Critics’ Picks

Laura Buckley, Waterlilies, 2010, mirrored Perspex, twenty-five motors, four-channel video projection, audio, dimensions variable. Installation view.

Dublin

Laura Buckley

mother's tankstation | Dublin
41-43 Watling Street Usher's Island
July 19–December 11

The act of remembering becomes uncomfortable when one thinks about how the mind actually works. As memories fragment and fade, others become embellished, more powerful. The only constant is the distorting nature of memory itself. The challenge of representing this mental space is reflected in the gap between the mechanisms––the synaptic processes of the brain––and the physical tools available to the artist. This is the territory explored in Laura Buckley’s installation Waterlilies, 2010. Film, mirrors, mirrored Perspex, motors, projected light, and sound coalesce to capture a sense of the fleetingness of memory.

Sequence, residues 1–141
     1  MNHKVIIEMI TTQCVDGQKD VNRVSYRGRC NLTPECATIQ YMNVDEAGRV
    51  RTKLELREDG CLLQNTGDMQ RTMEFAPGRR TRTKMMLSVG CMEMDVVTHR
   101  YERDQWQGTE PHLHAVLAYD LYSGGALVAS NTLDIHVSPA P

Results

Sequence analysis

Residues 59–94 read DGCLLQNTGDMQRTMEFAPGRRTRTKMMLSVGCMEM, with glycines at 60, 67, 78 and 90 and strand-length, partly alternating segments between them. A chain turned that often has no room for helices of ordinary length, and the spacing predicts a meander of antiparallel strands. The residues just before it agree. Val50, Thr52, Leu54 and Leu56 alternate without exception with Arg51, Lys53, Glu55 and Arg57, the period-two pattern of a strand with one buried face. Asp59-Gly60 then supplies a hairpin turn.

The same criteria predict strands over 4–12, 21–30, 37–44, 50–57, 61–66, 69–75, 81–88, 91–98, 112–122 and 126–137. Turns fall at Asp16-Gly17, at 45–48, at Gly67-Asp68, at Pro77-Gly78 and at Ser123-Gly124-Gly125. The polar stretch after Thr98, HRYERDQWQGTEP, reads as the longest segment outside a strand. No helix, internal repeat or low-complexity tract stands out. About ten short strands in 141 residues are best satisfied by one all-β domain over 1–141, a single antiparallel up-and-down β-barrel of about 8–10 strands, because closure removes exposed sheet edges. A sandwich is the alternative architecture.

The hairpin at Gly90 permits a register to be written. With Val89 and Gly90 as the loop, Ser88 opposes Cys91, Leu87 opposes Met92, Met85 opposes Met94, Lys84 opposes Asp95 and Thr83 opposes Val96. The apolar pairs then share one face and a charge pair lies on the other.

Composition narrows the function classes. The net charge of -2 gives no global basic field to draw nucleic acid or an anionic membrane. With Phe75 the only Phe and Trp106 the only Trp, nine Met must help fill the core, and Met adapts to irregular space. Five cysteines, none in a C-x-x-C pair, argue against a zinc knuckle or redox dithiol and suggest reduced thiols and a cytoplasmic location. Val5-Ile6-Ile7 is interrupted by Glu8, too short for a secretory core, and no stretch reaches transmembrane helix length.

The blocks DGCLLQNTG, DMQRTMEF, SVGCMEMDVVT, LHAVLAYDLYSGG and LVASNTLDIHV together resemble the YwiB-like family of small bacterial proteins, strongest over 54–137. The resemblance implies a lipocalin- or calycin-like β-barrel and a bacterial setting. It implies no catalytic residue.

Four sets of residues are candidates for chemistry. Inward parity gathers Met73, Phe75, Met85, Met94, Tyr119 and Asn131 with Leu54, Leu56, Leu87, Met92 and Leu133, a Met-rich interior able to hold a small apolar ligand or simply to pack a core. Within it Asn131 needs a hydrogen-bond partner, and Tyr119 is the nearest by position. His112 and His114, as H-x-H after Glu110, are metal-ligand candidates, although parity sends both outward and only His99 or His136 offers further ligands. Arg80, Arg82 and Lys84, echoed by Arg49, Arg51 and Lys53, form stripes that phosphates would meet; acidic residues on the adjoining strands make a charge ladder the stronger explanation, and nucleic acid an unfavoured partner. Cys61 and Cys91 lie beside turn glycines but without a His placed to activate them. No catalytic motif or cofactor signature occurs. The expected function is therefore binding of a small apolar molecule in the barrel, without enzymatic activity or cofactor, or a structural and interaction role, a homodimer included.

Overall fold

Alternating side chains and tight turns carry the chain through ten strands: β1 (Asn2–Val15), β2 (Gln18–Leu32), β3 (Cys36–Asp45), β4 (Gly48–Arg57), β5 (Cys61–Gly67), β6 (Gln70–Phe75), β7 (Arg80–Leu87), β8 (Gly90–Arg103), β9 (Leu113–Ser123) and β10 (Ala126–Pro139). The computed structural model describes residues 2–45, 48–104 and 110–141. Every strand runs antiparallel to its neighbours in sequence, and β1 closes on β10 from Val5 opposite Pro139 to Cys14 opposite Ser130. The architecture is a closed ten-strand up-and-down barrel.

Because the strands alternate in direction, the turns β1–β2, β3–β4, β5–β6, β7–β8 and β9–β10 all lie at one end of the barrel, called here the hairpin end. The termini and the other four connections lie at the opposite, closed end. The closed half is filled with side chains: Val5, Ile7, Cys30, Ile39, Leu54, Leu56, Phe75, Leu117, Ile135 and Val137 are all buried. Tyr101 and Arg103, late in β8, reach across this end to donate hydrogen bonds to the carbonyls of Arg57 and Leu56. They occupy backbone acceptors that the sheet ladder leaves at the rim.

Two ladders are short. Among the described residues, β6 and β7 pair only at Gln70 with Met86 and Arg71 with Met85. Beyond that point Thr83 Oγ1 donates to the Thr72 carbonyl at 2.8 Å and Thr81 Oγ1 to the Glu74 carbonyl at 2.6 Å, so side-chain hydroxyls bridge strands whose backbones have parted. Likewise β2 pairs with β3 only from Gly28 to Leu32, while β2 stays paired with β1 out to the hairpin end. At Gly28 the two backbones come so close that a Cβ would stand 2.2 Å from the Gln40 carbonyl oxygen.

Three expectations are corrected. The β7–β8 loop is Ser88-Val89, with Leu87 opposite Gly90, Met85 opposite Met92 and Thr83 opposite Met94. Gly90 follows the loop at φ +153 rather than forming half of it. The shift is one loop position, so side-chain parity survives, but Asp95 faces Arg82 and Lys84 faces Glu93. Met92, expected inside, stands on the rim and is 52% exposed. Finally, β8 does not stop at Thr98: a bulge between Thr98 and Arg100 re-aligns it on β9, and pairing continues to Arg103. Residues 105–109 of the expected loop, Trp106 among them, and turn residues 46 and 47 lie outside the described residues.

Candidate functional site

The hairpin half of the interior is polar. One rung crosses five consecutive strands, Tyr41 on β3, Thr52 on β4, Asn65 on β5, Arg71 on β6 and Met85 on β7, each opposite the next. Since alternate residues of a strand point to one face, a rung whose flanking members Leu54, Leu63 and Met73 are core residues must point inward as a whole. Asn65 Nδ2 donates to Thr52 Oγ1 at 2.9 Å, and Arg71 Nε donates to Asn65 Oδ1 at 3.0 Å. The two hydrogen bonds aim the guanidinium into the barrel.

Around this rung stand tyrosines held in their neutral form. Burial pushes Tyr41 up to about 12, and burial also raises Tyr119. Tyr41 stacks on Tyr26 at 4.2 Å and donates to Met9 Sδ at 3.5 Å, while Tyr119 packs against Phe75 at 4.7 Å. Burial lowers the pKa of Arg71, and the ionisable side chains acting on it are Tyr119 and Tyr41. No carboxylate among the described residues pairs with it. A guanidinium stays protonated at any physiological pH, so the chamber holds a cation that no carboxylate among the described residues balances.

A view of Northern Ireland’s iconic Giant’s Causeway is projected on to one wall; on another, a film of a backyard garden flickers, together with a glimpse of a child dragging a toy away from the camera’s framing gaze. Fragments of sound can be heard: tentative notes from a piano, a rain storm, traffic, the clink of a spoon in a teacup. Wires and plugboards on the floor link the scattered turntables that shower the space with moving colored light, echoing the synaptic pathways of neural activity. Their seemingly random placement is a study in successful juxtaposition, and following the allegory of Plato’s Cave, one sees the forms become visible only when their light meets the physicality of constraining walls. Buckley has created a space where memory is not held in an idealized frozen moment; instead, and more accurately, it plays out as unfixed, forever changing, and “familiar,” as the Irish poet Thomas Kinsella wrote, “if I can hold it.”